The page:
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How to make an animated Space Invader in Fallout 4

I wondered how long it would take before we got our first serious Fallout 4 (opens in new tab) creation. We saw hints of what the settlement building could do in early gameplay, but now the thing's out in the wild and we have our first animated lightboard. This is where it starts.

The result is this:

That's the work of RFarmer (opens in new tab) who wired up a ton of lights, generators and three terminals to program this thing. It's made of three parts - the bit that doesn't animate and the two moving bits. You can read his imgur (opens in new tab) guide to building it in the gallery up there.

You'll probably want to clear a bit of time if you're going to try this as it doesn't sound easy. Building it all isn't the problem, it's the animation that's "the real bitch" according to RFarmer. "There's no way (that I could figure out) to tell the lights to turn on when the other switches off. So basically the only way to control that is to cut the power on one then reattach it [and] check to see if the animation is right. Took about 15 minutes of trial and error." Yeah, I won't be trying that.

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The Back

So here it is from the back. Each Light Box requires 1 Power, so I didn't want to get too overzealous with my design. I went 18 blocks wide and 8 high. I figured at any given time to do this Alien I needed AT LEAST 50 power. So really I only needed 5 large generators, but I got a bit carried away at the start when I had NO IDEA what I was doing. Source (opens in new tab)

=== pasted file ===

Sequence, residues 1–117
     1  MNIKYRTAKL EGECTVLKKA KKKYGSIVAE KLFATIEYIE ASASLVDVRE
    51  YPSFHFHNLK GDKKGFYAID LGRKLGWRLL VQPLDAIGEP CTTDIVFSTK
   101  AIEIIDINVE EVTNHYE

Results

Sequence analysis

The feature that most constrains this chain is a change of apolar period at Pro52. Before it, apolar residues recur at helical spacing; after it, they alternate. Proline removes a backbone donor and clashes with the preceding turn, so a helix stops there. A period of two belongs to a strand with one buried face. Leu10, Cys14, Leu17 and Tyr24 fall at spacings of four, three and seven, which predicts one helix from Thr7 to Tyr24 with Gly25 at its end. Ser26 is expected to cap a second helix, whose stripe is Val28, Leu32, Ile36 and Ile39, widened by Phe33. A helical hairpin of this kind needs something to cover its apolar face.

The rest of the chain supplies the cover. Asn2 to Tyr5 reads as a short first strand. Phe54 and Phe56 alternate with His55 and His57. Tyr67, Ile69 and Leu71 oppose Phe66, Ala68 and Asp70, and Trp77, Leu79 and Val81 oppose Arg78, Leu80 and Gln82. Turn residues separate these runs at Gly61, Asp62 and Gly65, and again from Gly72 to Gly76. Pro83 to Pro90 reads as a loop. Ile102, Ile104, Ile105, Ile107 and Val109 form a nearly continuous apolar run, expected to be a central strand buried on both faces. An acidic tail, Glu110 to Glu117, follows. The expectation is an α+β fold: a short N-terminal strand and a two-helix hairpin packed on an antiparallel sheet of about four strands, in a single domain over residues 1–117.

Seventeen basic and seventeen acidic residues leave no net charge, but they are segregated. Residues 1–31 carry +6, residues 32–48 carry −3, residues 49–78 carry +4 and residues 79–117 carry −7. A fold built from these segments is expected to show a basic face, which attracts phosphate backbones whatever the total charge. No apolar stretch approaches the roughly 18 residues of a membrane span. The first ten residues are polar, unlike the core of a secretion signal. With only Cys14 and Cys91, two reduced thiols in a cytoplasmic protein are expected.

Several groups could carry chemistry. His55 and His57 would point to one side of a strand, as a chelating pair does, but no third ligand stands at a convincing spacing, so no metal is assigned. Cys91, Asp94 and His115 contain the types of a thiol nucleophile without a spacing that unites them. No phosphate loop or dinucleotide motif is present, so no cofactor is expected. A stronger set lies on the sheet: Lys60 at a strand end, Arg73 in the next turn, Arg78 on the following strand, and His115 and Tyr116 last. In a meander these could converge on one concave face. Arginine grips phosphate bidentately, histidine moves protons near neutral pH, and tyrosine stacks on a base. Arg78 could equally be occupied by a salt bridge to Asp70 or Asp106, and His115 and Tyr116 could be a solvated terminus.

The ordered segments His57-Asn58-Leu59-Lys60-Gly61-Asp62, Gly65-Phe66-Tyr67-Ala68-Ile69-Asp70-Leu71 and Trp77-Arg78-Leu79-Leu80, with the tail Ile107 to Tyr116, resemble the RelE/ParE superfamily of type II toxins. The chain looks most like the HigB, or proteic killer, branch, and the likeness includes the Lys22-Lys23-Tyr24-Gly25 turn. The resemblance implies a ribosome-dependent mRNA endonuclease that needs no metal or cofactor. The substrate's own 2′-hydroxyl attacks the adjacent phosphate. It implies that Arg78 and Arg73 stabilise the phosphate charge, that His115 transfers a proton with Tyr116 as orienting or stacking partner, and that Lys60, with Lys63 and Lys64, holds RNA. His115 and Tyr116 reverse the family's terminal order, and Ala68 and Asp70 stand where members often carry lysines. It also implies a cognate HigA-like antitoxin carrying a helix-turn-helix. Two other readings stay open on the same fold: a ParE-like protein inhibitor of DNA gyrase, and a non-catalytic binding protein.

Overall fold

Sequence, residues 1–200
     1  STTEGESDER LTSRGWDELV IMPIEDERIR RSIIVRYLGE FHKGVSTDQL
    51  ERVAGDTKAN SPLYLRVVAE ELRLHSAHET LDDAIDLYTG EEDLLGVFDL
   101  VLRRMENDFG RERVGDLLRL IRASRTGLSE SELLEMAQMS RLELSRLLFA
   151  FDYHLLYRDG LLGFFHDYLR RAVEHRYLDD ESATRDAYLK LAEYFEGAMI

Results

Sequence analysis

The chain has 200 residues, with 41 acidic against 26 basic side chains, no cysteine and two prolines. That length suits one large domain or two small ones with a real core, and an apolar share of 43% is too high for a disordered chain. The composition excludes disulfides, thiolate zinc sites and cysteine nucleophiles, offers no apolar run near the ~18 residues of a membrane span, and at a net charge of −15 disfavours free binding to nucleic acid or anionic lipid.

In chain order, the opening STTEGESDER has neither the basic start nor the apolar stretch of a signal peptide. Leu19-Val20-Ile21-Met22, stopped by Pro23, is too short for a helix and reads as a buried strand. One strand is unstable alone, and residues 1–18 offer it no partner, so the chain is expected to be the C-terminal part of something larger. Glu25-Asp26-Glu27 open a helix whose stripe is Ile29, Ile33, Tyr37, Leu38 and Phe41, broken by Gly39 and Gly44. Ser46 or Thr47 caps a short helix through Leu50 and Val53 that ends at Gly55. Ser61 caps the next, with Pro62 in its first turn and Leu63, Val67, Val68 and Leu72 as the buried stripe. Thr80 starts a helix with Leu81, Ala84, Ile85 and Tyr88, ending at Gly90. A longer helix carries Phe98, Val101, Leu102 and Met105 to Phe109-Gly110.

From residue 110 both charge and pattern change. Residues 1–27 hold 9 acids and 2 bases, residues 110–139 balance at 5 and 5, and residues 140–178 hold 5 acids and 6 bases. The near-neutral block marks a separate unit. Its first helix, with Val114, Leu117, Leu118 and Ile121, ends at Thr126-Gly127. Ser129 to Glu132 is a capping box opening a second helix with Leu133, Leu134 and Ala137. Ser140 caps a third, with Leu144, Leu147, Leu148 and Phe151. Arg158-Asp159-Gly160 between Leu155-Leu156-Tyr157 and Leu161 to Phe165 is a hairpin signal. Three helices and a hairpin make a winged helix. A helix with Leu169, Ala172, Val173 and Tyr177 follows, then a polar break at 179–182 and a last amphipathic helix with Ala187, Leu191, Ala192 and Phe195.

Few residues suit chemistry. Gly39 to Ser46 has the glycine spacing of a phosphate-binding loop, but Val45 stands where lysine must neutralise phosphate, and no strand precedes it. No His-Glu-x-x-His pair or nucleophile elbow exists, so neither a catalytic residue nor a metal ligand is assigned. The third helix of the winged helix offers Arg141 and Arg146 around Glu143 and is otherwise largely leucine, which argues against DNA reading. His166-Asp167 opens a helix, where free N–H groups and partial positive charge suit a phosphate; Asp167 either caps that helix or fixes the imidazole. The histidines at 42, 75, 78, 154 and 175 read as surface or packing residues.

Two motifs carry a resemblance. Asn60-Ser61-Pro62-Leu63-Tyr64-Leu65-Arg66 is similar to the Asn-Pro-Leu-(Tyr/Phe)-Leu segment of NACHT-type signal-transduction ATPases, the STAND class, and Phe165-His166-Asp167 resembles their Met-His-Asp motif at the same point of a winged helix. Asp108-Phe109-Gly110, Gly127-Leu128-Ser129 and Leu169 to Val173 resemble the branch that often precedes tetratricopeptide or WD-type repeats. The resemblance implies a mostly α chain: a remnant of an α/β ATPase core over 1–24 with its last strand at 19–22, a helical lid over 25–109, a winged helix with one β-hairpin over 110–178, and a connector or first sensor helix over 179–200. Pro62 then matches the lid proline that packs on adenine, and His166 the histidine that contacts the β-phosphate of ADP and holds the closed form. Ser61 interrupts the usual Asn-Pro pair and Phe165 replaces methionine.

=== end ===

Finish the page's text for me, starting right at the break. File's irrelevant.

Behind the alien

So you can see that I have more power up here too. Some windmills and medium generators. Something I found out is that if you wire all your power sources together then they can feed as one bank. Kind of like in Kerbal Space Program when you attach fuel hoses everywhere. HOWEVER, I later found out that you don't want to always have all of your power linked together. More on that later.

Wiring it to work

So I went into Photoshop and planned my Alien. I broke it down into 3 parts. 1) The part that is always on. 2) Animation Frame A 3) Animation Frame B The part that was always active got it's own separate power source of 4 Large generators (though it probably didn't have to be that many). Then that linked to a terminal and that terminal wired to just the blocks I needed active forever. More on the other two in picture 5.

Always on

This was the part that was always active.

Switcher madness

Here's the tricky part. I'll go step by step for how I did Frame A.

Go into both terminals and set the interval time to On for 1s and Off for 1s. Here's where it's a real bitch. There's no way (that I could figure out) to tell the lights to turn on when the other switches off. So basically the only way to control that is to cut the power (I removed the wire to the terminal) on one then reattach it. Check to see if the animation is right. No? Damn. Try again. Took about 15 minutes of trial and error to get right.

So why do we do separate power? Well terminals tend to consolidate info into the one if they are all connected to the same power. When that happens your two Frames just sync up and don't actually create an animation.

Leon Hurley
Leon Hurley

I'm currently GamesRadar's Senior Guides Co-ordinator, which means I've had a hand in producing or writing all of the guide and tips content on the site. I also write reviews, previews and features, and do video. Previously I worked for Kotaku, and the Official PlayStation Magazine and website. I'm a big fan of open world games, horror, and narrative adventures.